Declawing, the practice of removing a cat’s claws, is illegal in the UK on the grounds of animal cruelty, but is still popular in other parts of the world. But why do people have their cats declawed in the first place, and what kind of implications does this have for the cats themselves? Here’s everything you need to know about declawing.
What is declawing?
Declawing involves the removal or part removal of a cat’s digital phalanges – the bone to which the claw is attached. Whilst the practice of declawing is relatively popular in the USA (an estimated 25% of domestic cats are declawed in the US), it is declining in popularity, thanks to anti-cruelty campaigns and being banned in some states. In the UK, declawing cats for any non-medical reason was officially made illegal in 2006, and is now punishable with a £20,000 fine and/or up to a year in prison.
Why do people get their cats declawed?
The main reason given by people wanting to declaw their cats is to prevent damage to their homes. Cats have a natural instinct to scratch on different surfaces in order to keep their claws short and to scent mark. Sadly for humans though, a lot of cats find sofa arms, curtains, carpets and other furnishings to be the perfect spot for a good scratch! Occasionally, people may have their cats declawed to prevent themselves being scratched, although this is less common.
What are the disadvantages of declawing?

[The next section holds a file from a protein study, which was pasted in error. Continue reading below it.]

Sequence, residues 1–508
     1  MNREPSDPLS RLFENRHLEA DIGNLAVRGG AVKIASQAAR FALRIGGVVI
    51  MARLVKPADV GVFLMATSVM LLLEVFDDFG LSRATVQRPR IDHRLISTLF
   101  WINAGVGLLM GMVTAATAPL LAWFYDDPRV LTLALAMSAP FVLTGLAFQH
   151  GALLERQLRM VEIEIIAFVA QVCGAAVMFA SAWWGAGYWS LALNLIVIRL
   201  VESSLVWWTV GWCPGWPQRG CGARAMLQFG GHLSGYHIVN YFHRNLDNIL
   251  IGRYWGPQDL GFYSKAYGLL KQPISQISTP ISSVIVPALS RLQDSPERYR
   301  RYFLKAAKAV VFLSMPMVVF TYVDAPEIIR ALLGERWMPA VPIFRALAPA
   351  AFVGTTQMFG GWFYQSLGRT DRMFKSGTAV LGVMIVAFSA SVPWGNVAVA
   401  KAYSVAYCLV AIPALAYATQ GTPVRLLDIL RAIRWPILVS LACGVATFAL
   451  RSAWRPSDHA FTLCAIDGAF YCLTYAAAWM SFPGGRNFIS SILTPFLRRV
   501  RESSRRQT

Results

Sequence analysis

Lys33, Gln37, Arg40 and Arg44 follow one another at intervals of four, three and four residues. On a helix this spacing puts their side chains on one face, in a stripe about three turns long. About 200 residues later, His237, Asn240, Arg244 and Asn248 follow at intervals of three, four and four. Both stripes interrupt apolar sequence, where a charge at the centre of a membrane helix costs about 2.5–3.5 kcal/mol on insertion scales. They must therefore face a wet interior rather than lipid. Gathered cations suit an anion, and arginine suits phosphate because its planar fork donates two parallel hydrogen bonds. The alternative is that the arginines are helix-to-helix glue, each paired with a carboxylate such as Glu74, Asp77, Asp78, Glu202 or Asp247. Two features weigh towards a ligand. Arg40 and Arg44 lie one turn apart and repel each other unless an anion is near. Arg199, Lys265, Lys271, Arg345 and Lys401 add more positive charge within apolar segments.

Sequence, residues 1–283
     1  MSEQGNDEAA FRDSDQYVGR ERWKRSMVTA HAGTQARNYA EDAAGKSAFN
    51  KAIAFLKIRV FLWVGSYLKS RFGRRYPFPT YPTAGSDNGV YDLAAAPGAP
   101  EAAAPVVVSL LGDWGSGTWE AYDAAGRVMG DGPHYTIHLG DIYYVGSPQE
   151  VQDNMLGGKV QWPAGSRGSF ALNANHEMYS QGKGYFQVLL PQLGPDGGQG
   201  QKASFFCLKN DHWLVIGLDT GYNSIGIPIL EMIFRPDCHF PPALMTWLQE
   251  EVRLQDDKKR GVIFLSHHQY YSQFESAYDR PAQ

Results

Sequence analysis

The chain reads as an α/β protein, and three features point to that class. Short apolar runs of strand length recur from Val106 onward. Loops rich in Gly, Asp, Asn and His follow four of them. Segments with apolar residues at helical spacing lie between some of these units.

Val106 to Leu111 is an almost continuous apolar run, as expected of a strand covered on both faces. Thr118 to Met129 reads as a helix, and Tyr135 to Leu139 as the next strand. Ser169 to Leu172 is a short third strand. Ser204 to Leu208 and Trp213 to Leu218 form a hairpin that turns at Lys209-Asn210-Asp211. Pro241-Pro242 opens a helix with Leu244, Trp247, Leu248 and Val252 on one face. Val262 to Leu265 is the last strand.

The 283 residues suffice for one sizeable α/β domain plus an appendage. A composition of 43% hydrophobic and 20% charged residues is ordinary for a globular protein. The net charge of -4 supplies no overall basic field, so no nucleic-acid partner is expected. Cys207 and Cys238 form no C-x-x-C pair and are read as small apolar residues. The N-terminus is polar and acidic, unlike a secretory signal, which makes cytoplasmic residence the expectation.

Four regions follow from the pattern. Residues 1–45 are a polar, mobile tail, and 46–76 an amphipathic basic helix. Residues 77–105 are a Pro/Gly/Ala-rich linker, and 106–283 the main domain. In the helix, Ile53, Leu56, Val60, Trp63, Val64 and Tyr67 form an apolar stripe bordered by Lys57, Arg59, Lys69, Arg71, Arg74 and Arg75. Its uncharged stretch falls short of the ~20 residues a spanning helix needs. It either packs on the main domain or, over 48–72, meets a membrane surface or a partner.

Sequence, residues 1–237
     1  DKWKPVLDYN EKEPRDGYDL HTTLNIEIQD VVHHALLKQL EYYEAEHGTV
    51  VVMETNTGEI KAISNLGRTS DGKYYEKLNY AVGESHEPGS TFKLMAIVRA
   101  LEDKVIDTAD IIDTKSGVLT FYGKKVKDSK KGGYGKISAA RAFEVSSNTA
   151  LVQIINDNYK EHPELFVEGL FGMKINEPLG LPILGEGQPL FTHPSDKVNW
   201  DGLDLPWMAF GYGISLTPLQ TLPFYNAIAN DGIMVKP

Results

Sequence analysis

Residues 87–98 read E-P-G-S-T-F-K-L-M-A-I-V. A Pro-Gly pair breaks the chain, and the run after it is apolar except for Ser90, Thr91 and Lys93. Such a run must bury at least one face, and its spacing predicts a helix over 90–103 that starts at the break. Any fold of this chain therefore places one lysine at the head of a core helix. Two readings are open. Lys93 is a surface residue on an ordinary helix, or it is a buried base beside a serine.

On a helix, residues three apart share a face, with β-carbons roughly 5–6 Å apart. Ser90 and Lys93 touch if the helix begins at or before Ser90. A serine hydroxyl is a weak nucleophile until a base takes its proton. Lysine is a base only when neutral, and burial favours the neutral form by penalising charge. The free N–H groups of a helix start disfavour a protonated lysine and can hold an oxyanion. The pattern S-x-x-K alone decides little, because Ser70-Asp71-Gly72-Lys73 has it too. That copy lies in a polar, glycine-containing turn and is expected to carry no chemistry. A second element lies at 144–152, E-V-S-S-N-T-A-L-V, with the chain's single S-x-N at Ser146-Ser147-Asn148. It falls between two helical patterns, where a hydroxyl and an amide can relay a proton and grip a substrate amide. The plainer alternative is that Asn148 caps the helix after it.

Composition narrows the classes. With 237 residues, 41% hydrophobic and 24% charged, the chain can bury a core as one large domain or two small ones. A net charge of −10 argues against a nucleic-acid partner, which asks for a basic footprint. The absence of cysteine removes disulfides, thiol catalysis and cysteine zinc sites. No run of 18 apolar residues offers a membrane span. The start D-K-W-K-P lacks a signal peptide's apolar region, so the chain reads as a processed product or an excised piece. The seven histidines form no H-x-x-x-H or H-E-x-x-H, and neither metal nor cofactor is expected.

Firstly, declawing poses the same risks to a cat’s health as any other procedure that requires it to be put under general anaesthetic, and, in cases where medically unnecessary, is often considered to be too great a risk to the cat’s health to be viable. Secondly, the procedure involves removing bones from their feet, equivalent to removing your fingertip at the last knuckle. Since it’s a weight-bearing bone, many cats have trouble with balance following their operation, which can then affect their daily activities. Scratching is a natural and healthy behaviour for cats, and, even though they sometimes scratch where they shouldn’t, it’s a behaviour that keeps them happy and makes them comfortable in their homes. Probably because of this, declawing has been linked to various behavioural problems, such as litter box aversion.
What are the alternatives?
Even in areas where the practice of declawing is legal, many vets will refuse to carry it out on the grounds that it is an unnecessarily invasive and painful solution to a problem that can often be fixed in other ways. There are still plenty of alternative options for people whose cats have a penchant for scratching where they shouldn’t!
Get a scratching post!
It may seem like the obvious solution, but the best way to stop your moggy from tearing the furniture to shreds is to give them something else to scratch. You could go for something a little fancy, or keep it simple, with a recycled cardboard scratcher. Or, if you’re feeling crafty, why not have a go at making one yourself?
Protect your belongings
If you’re having trouble convincing your moggy to use her new scratching post, you might want to take some temporary measures to make the current scratching sites less appealing. Sticking aluminium foil or double-sided tape to sofa and chair arms will discourage your cat from scratching there, and hopefully persuade her to go elsewhere. If all else fails, keep a spray bottle of water nearby!
Deal with the claws yourself
For cats that just won’t stop scratching, the last resort may be to snip or cover their claws yourself. While cats don’t really appreciate getting their nails cut (who does?), a firm hand and a bit of skill with a pair of claw clippers can solve all your problems in an instant! Just be careful to avoid cutting into the quick – the pink part of the claw that is full of blood vessels and nerves.
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